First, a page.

To the Editor:
David Grimm’s column on stem cell research shows a very superficial understanding of the moral and political issues at stake. Millions of people, both religious and not, hold that life begins at the moment of conception, with the formation of a human genome genetically distinct from either the sperm or the egg. Rather than assigning an “arbitrary distinction,” it follows quite logically that any genetically distinct human life should be assigned the rights and protection due a human person — regardless of whether it was conceived in utero or in a lab dish during in vitro fertilization (IVF). Again, logic dictates that destroying this human person out of convenience or a desire to experiment upon it is indeed tantamount to murder.
The fact that the destruction of human life is sanctioned by Supreme Court order and already occurs daily during in vitro fertilizations and in utero abortions does not make it morally appropriate for the elected government to provide further legitimacy by sanctioning scientific research. Grimm’s insinuation that Bush is inconsistent by opposing stem cell research but allowing in vitro fertilization implies that the President has the constitutional leeway to ban early-stage abortion — an authority that the decision in Roe v. Wade has made clear that neither he nor the American voters possess.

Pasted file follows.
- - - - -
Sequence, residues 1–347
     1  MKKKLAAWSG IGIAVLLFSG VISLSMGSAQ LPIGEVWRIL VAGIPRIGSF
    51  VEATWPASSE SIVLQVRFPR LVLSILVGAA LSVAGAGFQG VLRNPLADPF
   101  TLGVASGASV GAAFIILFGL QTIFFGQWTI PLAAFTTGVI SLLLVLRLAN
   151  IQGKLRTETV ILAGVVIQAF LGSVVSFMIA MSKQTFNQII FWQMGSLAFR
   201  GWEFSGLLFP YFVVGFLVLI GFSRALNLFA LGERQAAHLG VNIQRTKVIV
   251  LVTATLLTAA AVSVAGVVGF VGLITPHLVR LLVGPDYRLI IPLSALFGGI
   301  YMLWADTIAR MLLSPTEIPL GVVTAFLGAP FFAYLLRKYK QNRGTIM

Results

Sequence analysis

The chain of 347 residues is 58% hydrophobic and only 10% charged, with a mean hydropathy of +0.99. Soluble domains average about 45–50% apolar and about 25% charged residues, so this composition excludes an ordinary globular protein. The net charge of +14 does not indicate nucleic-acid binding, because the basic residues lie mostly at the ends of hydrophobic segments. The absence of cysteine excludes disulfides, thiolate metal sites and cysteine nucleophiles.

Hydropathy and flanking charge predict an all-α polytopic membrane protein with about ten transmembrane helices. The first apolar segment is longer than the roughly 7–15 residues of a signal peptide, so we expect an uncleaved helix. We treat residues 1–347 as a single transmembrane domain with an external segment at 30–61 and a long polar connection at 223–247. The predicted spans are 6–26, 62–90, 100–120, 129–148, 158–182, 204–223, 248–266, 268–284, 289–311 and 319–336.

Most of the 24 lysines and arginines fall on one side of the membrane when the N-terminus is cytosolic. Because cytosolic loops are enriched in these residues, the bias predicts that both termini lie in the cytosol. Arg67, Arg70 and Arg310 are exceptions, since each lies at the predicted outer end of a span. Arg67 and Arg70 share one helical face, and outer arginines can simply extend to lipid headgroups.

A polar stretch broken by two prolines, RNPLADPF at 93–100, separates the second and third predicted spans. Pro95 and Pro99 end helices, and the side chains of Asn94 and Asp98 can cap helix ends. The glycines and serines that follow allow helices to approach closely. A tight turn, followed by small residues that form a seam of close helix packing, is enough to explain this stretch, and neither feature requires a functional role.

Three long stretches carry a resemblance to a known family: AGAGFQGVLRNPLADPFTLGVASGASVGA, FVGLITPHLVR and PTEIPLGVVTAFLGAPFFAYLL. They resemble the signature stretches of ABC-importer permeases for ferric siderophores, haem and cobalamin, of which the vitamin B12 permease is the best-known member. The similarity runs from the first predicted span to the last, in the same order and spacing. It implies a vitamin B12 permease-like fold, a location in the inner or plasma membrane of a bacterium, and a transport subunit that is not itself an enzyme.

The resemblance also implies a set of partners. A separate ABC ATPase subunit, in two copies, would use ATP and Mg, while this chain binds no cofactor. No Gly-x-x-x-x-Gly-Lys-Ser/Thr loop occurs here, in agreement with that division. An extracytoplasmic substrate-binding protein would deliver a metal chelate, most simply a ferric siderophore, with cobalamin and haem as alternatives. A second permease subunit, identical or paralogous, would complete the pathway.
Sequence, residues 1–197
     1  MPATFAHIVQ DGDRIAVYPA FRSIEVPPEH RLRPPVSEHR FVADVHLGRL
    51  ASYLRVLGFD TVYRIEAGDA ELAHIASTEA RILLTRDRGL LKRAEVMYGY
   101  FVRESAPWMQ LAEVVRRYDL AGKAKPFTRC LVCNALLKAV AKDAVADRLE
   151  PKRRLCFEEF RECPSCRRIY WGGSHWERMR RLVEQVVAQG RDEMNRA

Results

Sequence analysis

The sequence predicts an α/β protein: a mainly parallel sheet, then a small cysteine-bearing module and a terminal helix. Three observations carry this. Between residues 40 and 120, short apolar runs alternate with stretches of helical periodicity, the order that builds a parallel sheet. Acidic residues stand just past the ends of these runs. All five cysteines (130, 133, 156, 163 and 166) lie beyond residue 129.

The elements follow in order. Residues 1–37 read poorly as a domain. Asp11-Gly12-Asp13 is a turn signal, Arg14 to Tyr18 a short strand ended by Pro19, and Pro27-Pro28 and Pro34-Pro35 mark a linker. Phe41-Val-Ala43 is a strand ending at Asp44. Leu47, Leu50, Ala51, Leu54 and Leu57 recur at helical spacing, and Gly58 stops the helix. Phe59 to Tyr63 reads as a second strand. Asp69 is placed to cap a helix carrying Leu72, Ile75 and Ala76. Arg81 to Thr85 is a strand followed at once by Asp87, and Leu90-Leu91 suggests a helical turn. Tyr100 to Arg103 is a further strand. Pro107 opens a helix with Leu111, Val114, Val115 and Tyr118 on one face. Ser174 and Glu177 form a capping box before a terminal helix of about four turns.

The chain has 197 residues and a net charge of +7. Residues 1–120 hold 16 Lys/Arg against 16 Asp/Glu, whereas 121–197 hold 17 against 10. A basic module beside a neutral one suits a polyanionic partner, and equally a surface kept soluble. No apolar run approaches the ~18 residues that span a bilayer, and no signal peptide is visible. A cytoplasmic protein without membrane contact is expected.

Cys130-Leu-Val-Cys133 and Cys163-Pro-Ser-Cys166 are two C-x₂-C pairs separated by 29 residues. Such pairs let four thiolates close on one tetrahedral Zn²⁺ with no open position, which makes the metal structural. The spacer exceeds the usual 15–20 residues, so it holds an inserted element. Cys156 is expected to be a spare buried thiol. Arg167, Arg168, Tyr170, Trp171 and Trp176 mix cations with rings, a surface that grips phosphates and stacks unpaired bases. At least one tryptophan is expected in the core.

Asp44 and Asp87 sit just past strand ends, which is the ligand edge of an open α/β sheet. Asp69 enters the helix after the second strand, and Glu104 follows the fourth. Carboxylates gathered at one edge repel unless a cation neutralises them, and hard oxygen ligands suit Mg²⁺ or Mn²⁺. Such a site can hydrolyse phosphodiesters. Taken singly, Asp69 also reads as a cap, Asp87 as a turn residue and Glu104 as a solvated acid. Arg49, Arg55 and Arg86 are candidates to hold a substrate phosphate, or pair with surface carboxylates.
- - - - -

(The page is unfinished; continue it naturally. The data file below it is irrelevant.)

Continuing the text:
The Bush administration does, in principle, oppose the destruction of any life after conception, including during IVF. Grimm should recall that President Bush made this position very clear within hours of taking office on Jan. 22, 2001 noting, “that every life is valuable; that our society has a responsibility to defend the vulnerable and weak, the imperfect and even the unwanted; and that our nation should set a great goal that unborn children should be welcomed in life and protected in law.”
Opposing stem cell research is consistent with an ethic that holds that no human life is better or more deserving than another. A policy that would give government sanction and funding to dismember millions of helpless lives for the benefit of millions of others is fundamentally illiberal, lacking compassion for the weakest among us by sacrificing them in the name of science.
Daniel Kruger ’04
October 3, 2002